Geoff Dyer is my man. For now at least.
Every once in a while, a writer comes along that pulls me into his, or her, orbit. The tug is irresistible. The one-sided relationship is either serendipitous or in this case, a casual introduction. As before, the friend responsible for the introduction has provided me over the years with books and recommendations that have given me my most meaningful literary discoveries. He’s never let me down.
But back to Geoff.
The first book of Dyers I read was called ‘Out of Sheer Rage’, a book he had wanted to write about D.H. Lawrence. He had the desire to write a meaningful book about his hero but somehow life got in the way, so he more or less settled for writing about his indecision in how to best go about writing this book which in fact never does get written. He seriously does look for the man and we go with him on his journeys to
I’m not sure why I didn’t immediately search out another but not too long after I bumped into ‘Jeff in
Death in Varanasi’ at a library
sale. These two stories have a watery connection and we understand through the title that Thomas Mann's presence is felt..
We follow Jeff, a journalist and somewhat of an alter ego, through the Venice Biennale in the company
of a beautiful girl and through Dyer’s observations we experience the sexy buzz
as well as the hollowness of this renowned Art Fair. In spite of dismissing the art world Jeff seems
to understand and find meaning in contemporary art as does Geoff. This bellini
soaked experience eventually leads Jeff to his next assignment in Varanasi
where the art world is replaced by a cultural kick in the head and among the
ghats on the Ganges reality is gradually altered to a place of no return. As usual, I was amazed by the writing and
thought ‘‘this man ‘gets it’. He feels so close to his material.
Amazement can sometimes be ramped up a notch which is what happened when I recently read ‘But Beautiful’, Dyer’s self confessed historical fiction of several of the early jazz greats. Thelonius Monk, Charles Mingus, Bud Powell, Ben Webster, Chet Baker, Duke Ellington and others live here. He has said that it was one of his easiest books to write and I can only guess that it was because he completely inhabits this music. His writing was jazz. His understanding of the men and their music was breathtaking to the point where I felt I had to read some of it out loud. I did and was exhausted after. The fact that Dyer himself is a jazz aficionado contributed to the soul of this book but the empathy for the broken lives of many of these men comes from Geoff Dyer the man.
And now, in ‘The Ongoing Moment’ once again I am entranced. Okay, I’ll confess that in his introduction to this book about photography, he said that it might irritate some people. I was one of them for a while. There was too much description of photos that weren’t reproduced in the book and I still think this was a mistake. AND….the photos that are there are too small and printed on poor quality paper. That being said, after I had rifled back and forth for a bit I decided that no way was I going to abandon a book by my current hero. ‘Okay Geoff’ I said, ‘It’s back to the beginning. I’ll give this another go and see where you’ll take me’. How could I have doubted him?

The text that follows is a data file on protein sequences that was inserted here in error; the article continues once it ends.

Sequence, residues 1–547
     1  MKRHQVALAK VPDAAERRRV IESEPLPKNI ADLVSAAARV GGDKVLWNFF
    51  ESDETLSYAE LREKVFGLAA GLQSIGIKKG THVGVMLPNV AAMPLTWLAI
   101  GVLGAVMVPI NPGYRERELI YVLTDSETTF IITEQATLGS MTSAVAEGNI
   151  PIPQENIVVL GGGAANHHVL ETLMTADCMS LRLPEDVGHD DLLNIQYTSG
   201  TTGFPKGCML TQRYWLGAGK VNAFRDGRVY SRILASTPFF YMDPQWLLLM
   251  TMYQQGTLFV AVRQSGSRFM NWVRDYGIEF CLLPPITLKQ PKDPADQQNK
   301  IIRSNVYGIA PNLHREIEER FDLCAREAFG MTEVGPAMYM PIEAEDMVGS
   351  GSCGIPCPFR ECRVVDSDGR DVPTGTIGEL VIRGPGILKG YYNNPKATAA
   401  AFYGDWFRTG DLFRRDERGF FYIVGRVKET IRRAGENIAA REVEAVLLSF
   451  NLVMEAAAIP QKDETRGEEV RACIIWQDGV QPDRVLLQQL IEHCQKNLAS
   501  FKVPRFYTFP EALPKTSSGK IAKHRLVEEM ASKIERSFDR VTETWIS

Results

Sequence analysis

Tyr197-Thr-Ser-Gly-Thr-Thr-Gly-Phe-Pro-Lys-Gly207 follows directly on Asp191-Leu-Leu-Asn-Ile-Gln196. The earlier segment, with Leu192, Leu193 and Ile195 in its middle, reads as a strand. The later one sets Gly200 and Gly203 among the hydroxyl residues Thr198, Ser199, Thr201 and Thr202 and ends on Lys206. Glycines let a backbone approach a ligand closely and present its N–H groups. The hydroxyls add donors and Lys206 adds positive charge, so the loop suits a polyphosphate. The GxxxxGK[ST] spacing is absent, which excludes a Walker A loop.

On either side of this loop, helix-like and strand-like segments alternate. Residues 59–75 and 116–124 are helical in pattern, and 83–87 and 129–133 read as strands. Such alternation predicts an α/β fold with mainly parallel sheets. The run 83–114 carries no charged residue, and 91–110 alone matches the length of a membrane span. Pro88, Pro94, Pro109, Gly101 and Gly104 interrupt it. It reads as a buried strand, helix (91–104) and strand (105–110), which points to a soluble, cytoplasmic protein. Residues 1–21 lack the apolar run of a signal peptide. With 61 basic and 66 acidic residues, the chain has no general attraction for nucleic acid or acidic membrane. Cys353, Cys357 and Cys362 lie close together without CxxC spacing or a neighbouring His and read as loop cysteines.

Dyer introduces us to, or reacquaints us with, some of the early artists of photography - most of European background. William Henry Fox Talbot, Eugene Atget, Alfred Steiglitz, Edward Steichen, Edward Weston, Paul Strand, Dorothea Lange, Andre Kertesz, Walker Evans, Brassai. I must stop as this list misses many and does nothing to tell you about the essence of this book. The first sentence will give you some idea.
Dyer writes: ‘I am not the first researcher to draw inspirations from a ‘certain Chinese encyclopaedia’ described by Borges. According to this arcane work ‘animals are divided into (a) those that belong to the Emperor; (b) embalmed ones; (c) those that are trained; (d) suckling pigs; (e) mermaids; (f) fabulous ones; (g) stray dogs; (h) those that are included in this classification; (i) those that tremble as if they were mad; (j) innumerable ones; (k) those drawn with a very fine camel’s-hair brush; (l) et cetera; (m) those that have just broken the flower vase; (n) those that at a distance resemble flies.’
Although the wonderful eccentricity of this list is not in evidence, it does tell you a bit about Dyers leaning towards ‘seeing’ these photographs through an organizing principle that is uniquely his. He draws connections for us through the photographs taken over the years and if he talks about photographs of men wearing hats, perhaps also wearing an overcoat; or maybe a photo of a room with a hat in evidence, a hat has never felt more like a hat than when he draws our attention to it. He sees what is there and gives it its due dignity. Even if it’s a battered dignity. The details we wouldn’t have noticed without him create a desired intimacy. He talks about the many photographs containing stairs, benches, blind people, barber shops, never ending roadways and the doors and windows that he uses to pull us in to a world seen through the recognized creative awareness of these artists. The writer is one of them.
You can tell that this book captivated me and what might have been a dry read, in the hands of Geoff Dyer, became another book of enduring admiration.